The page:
.comment-link {margin-left:.6em;}

Sunday, April 01, 2007

Regulating the politicians

How politicians interact with their voters is becoming more and more diverse. Many Assembly members already have blogs and it is likely that this number will grow after the election.

Ciaran Jenkins on Blamerbell Briefs comments on the increasing use of Facebook by those who seek to serve and hints that perhaps we should act our age. His taunting rather reflects Glyn Davies' bewilderment at finding himself a member of this social network.

Ciaran tells us that 'Facebook is for writing crap banter on your mates' walls. It's for stalking attractive women in American colleges. And it's for posting embarrassing photos of drunken misdemeanours.' It seems that it is also now for politicians like Peter Hain, Sir Menzies Campbell and many others to reach out to a younger generation in an effort to get their message across.

Whilst they are there I don't feel too much like a fish out of water. Contrary to Ciaran's allegation of fakery, the interests I list on my facebook page are genuine and very much reflect the fact that I am a forty plus, aging rocker who just happens to like quirky science fiction programmes.

As politicians expand their usage of the interweb the more their activities will come to the attention of the Parliamentary authorities and so it has come to pass. When Assembly Members reconvene after the elections one of the many things they will be asked to vote on is a new protocol on how they should behave on-line. The Assembly authorities have decided that they want a piece of the action. They want to regulate what we can blog on and how our sites look. It will make for a very interesting debate.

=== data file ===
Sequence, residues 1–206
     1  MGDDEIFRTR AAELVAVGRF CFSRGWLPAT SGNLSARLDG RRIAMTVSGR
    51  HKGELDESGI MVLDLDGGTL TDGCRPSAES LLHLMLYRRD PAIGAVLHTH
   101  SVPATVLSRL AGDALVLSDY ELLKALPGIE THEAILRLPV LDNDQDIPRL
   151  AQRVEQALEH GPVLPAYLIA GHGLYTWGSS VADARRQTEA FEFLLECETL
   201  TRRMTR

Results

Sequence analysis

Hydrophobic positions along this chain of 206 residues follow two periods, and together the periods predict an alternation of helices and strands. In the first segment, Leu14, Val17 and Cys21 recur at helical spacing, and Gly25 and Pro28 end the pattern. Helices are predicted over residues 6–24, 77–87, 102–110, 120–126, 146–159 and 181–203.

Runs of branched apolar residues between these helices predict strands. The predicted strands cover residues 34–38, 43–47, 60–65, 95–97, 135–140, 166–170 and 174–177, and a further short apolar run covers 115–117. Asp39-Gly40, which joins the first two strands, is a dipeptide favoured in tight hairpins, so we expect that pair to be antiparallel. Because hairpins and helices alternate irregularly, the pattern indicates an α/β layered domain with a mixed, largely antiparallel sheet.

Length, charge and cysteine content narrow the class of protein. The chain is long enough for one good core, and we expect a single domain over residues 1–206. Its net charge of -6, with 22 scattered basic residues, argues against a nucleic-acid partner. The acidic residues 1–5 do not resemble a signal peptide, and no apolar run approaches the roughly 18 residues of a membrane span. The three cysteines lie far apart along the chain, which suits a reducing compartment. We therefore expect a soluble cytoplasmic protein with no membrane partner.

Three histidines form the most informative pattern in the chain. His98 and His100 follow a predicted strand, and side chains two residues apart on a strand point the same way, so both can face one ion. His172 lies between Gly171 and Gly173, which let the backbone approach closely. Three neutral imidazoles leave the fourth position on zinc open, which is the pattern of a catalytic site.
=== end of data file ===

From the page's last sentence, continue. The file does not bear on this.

On Facebook you have to join a group to receive messages from that group, so I really don't see what young Jenkins is going on about. And I don't see why politicians should be excluded from "crap banter". They practically invented it!
There is a difference between the professional and the personal. That is the key distinction.

Facebook is an social networking tool where people (usually real friends) let their virtual hair down. Groups are created with irony, not with serious intent. Banter is prevalent. There is no goal, it's just about an online exploration of what are usually friendships rooted at some stage in genuine face-to-face social interaction.

The new political element of Facebook ignores the frank personal honesty which has till now been taken for granted. The jokes you are not allowed to make, the innuendo and what time did *you* get in this morning? By their very nature, politicians want to avoid this sort of honesty.

Instead, it's a 'vote for me and I'll tell you what my favourite bands are' sort of trade-off that we've been seeing in the mainstream press for quite some time.
I just don't really get the whole 'politicians on facebook' thing - actually, I don't get the whole 'adults on facebook' thing - this stuff is for 14 year old boys in bands or maybe students with too much free time - if you're a grown-up, just pick up the phone and talk to people you want to talk to!
Post a Comment

<< Home

This page is powered by Blogger. Isn't yours?